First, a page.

Photos from India

Wednesday, October 15, 2008

Nepali Paradise

It was a hell of a rough journey by I am glad to be out of the slummy cities of Agra and Varanassi. After a cramped and crowded night train followed by a two hour jeep ride, I walked across the border to Nepal where I then bordered by far the bumpiest and bounciest bus I have ever ridden on in my life. It felt like riding on a combination of plywood and steel over a rocky landslide stricken road on my way to Pokhara, Nepal. Eight hours later, feeling as if I had been stuck in a washing machine for the last eight hours, I was tired and soar but happy to be in a friendlier and cleaner country.

The rapid change upon entering Nepal was astounding! In India, people were constantly pissing and shitting everywhere you looked. In the early morning light, looking out the window of my train I witnessed every person that lived near the train tracks squatting down and shitting in their back yards. Why after living there for year after year, it never has occurred to them to dig a pit, I will never know. Riding in cars and buses throughout India, around every corner is someone else pissing out in the open. It is impossible not to notice, it is everywhere you turn your head. I have never seen so many penises in my entire life, nor do I care to ever again! Combine all of that with the constant filth of trash, shit and cows on the streets and everywhere I visited in India outside of the Himalayas was like one giant slum! I am not kidding. Trash everywhere! Massive amounts of it of all sorts. There was not one single rubbish container anywhere in the country and no one ever cleaned up what was laying around!

Riding along in my bumpy bus up a winding mountain road I immediately noticed the change. No one using the toilet along the road, no trash along the way and everyone was ten times as friendly to us. When I finally arrived in Pokhara, I couldn't believe how clean the streets were. Not a bit of trash to be seen. The hotels looked like royal honey moon sweets compared to those in India and the white table clothed restaurants that lined the streets were a welcome change to the dirty places I found myself eating throughout the low lands of India.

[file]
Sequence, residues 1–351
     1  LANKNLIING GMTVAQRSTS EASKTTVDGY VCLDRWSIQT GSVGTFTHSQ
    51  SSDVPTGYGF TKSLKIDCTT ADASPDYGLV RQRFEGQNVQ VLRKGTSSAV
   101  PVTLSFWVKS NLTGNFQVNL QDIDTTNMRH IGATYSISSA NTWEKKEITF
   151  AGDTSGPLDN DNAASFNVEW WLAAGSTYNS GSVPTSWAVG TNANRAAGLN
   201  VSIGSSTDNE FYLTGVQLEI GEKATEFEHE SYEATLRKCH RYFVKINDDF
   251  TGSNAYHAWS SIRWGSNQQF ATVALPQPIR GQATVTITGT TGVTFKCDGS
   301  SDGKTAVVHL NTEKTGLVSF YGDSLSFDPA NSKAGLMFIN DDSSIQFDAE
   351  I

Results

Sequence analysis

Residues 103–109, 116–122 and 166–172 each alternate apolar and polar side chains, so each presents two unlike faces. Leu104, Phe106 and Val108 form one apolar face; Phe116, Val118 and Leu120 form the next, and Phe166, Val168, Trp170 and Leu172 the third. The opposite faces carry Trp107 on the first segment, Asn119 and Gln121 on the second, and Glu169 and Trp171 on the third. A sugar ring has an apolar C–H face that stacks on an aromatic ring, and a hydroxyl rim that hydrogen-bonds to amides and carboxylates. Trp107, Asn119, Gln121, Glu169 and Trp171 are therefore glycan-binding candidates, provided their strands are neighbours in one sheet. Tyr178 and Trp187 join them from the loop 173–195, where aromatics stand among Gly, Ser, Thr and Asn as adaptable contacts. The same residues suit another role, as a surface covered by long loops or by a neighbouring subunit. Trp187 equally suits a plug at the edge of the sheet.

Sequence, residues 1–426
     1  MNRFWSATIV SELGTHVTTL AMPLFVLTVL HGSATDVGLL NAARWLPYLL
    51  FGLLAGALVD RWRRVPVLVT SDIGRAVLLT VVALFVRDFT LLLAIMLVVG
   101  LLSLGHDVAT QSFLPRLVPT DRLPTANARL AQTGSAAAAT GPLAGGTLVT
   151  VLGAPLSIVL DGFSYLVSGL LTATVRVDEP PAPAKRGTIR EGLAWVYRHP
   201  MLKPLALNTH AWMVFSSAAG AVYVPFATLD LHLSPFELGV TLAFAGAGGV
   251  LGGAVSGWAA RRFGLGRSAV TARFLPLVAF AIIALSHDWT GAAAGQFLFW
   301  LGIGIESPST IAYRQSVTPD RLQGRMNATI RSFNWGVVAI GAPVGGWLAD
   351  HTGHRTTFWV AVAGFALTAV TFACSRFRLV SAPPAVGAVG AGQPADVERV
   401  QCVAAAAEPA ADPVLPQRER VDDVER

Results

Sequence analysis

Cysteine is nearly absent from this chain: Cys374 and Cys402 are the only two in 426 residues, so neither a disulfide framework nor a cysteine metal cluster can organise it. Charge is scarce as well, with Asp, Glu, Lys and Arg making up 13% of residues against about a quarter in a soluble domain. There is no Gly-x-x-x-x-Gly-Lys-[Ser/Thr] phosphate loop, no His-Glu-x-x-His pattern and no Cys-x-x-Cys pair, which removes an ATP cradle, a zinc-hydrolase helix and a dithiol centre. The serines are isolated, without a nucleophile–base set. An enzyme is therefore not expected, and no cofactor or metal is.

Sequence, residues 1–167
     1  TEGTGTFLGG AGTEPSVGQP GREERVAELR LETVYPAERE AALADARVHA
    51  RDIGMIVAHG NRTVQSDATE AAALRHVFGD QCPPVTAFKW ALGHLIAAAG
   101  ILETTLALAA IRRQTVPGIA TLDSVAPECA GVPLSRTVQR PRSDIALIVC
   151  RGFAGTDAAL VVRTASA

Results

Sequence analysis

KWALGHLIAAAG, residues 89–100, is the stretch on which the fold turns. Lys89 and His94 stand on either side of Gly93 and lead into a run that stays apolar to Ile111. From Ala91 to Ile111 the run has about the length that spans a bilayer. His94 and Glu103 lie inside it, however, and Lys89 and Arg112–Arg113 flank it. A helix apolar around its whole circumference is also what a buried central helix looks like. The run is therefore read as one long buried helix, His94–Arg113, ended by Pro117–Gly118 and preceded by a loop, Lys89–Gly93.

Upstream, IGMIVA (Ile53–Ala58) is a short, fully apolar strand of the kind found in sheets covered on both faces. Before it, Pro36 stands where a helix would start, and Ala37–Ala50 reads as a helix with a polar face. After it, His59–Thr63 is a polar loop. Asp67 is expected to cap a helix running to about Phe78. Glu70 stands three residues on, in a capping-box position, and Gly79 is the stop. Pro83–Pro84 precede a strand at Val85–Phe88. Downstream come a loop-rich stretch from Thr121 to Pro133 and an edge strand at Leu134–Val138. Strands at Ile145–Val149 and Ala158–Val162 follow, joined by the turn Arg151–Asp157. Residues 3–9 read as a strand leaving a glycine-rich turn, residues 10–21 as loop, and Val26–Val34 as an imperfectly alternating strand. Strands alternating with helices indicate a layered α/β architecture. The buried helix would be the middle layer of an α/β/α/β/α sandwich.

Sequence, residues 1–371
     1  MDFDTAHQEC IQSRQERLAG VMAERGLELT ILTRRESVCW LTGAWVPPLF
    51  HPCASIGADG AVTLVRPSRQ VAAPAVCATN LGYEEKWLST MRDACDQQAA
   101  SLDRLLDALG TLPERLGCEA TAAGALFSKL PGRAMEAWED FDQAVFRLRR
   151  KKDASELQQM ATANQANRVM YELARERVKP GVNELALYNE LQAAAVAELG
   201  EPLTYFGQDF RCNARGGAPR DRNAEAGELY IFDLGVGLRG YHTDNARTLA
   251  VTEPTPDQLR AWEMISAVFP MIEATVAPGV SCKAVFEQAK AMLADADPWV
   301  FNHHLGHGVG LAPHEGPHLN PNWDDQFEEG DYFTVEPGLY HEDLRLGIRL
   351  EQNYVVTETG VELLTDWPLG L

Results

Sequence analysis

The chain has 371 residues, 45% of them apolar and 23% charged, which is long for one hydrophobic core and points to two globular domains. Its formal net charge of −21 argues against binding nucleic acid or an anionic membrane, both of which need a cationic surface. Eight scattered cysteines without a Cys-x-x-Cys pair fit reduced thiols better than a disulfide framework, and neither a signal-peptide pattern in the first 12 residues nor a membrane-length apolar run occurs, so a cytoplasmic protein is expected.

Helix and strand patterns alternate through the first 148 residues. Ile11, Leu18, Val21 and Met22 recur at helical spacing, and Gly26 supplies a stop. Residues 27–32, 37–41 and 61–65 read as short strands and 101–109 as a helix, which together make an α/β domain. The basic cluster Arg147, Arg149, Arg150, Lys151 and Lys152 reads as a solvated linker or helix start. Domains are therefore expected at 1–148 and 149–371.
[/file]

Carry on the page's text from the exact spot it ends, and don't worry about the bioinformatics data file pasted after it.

Now I have awoken after a good nights rest, finished a pot of coffee as I sit on my balcony watching the mist clear from the nearby tree covered hills. The sun is still low in the sky and the steep snowy peaks of the Annapurna range are glowing in the sun. With a lake that is deep blue and surrounded by lush green rice paddies, the stark contrast of the white snow on the peaks and the blue sky overhead is a breathtaking sight to behold. I am already regretting now coming to Nepal sooner and find that I may be hard pressed to ever leave.


I had heard that Varanassi was the epitome of an India experience and was a must see town on the travelers route heading towards Nepal. It was said to be all at once beautiful and disgusting. If you wanted a taste of the real India, this was the place to go. Be prepared however people warned, it is overwhelming. Not just the sights, but the smells, the touts, and everyone in the town!

Coming in on a 12 hour train ride that was delayed a further five hours, I fought my way through the hotel touts and moto rickshaw drivers and managed to get to a point where I could walk down the maze of narrow alley ways toward my hotel. Fortunately a man on the street began talking to me and leading the way. At first I was reluctant as this type of person is usually after a commission from bringing you to the hotel you want to stay at. Without him however, I would still be out wandering the streets.